Cheri Caiella, of Syracuse, N.Y., had nowhere to turn when her son came back from Iraq after serving during the troop surge in 2007. He had stood out in the Marine Corps, first in physical fitness at Parris Island and then he was chosen to serve as a scout sniper in Iraq.
When he came home for Christmas, “I think he was sober maybe three days. I didn’t think much of it” but by March of 2008 the Marines were finished with him. He received a bad conduct discharge.
Back at home, he had constant headaches. “He didn’t sleep. He holed up in the basement. He hardly ever came out,” Caiella said.When he did, he wrecked the family car. Caiella said she came to realize that “my kid is a different kid” than the one she sent to the Marines.
“There was nothing we could do,” Caiella said. When they went to the VA, “the guy said he had dirty paper,” meaning the bad conduct discharge. “We can’t help you,” Caiella said she was told.
Then she fought with with her son. “I thought he was dead. He was slumped over the computer desk. When I touched him, he thought I was the enemy. We got into it,” Caiella said.
In the summer of 2009, the VA finally agreed to treat him. “I understand we’re in a war and we, as civilians, understand they have standards in the military,” Caiella said. “But I did not expect my son to get damaged as he did and then they put the burden on the family.”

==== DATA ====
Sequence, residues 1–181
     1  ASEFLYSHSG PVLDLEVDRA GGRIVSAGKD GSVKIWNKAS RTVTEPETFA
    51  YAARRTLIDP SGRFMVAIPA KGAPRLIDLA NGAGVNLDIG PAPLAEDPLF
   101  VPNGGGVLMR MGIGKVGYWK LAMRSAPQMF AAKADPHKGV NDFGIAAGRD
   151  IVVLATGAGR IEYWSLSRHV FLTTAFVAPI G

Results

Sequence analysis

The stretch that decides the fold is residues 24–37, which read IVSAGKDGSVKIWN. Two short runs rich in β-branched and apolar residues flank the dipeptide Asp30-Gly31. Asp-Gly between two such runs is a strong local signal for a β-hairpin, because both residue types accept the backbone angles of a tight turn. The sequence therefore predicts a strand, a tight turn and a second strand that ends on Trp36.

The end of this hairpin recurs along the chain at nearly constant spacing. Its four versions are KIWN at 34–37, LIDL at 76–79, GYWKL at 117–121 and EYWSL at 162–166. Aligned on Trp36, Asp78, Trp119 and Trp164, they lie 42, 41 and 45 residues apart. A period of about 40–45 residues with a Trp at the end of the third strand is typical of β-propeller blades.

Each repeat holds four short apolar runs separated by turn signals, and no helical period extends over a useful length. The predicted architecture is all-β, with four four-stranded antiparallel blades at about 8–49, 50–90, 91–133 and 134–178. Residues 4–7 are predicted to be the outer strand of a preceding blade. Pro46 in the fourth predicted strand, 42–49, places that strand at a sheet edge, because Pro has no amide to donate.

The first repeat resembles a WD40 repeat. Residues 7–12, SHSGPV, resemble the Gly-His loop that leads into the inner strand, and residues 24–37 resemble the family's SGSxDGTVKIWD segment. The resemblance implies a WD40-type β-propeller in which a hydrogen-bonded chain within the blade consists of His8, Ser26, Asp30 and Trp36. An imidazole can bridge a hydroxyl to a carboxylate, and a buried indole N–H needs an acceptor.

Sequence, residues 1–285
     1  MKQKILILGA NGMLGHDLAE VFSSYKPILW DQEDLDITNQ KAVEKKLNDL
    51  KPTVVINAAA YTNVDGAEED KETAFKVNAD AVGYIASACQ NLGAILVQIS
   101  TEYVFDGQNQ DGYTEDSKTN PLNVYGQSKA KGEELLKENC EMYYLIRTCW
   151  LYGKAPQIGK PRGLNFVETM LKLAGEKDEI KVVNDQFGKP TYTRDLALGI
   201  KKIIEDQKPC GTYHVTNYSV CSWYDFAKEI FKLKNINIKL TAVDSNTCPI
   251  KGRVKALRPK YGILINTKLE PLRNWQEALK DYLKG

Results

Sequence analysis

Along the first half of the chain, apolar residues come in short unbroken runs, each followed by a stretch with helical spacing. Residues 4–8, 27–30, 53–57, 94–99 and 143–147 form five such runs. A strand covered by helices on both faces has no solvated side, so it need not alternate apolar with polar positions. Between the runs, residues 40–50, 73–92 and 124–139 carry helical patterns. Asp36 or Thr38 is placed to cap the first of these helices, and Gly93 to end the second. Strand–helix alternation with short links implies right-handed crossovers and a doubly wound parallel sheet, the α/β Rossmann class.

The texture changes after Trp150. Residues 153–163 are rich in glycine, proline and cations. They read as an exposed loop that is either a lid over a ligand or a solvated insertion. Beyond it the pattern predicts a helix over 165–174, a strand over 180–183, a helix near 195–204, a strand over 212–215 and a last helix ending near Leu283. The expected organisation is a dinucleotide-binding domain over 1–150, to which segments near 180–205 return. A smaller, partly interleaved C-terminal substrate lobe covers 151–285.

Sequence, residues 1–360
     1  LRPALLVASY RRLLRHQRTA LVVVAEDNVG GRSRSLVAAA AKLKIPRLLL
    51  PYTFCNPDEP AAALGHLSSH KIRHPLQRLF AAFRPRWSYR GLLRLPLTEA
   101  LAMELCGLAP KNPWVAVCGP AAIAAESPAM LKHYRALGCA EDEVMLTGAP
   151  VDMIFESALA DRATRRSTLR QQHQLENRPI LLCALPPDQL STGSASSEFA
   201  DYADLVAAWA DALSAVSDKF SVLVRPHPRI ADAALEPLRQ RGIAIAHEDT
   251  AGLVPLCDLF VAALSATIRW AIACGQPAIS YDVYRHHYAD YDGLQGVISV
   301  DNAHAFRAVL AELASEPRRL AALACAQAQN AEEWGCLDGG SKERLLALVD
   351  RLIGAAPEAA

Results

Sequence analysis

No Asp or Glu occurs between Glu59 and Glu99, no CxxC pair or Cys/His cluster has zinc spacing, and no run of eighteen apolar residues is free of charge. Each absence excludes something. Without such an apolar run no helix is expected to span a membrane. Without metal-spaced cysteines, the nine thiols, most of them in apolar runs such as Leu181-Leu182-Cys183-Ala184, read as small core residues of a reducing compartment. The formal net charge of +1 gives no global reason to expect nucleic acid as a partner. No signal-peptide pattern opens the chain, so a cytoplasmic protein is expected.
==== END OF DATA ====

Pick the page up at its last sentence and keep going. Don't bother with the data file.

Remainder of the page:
When the military can’t or won’t help, Karen Francis has become something of a mentor to the younger wives who rely on her experience in 33 years as an Army wife while her husband has served on active duty and in the Minnesota National Guard.
“I, de facto, became the old broad everybody cried on,” Francis said. “Every time you turn around, there’s another wounding, another death. You can only take so many funerals. If we’re sensible, we get counseling,” Francis said, but then they’re told “Oh c’mon, be tough, be Army strong, yada yada.”
The counselors also “are up to their asses with PTSD and the uniform takes priority” over the wives and other family members, Francis said. “You’re on an emotional roller coaster and things start to fall off the roller coaster. The two weeks before deployment really suck and the two weeks after deployment are vile,” Francis said. “You’re wondering, who the hell is this stranger?”
“People start to realize they can only do this for so long” and they begin to look for a way out, even suicide, Francis said.
Francis said she’s gone back to school to study for a masters in social work to counsel military spouses “because I have come to the realization that we’ll have to help ourselves.”
Children in military families who have dealt with multiple deployments over the past decade are also dealing with the suicidal thoughts that sometimes overwhelm their parents.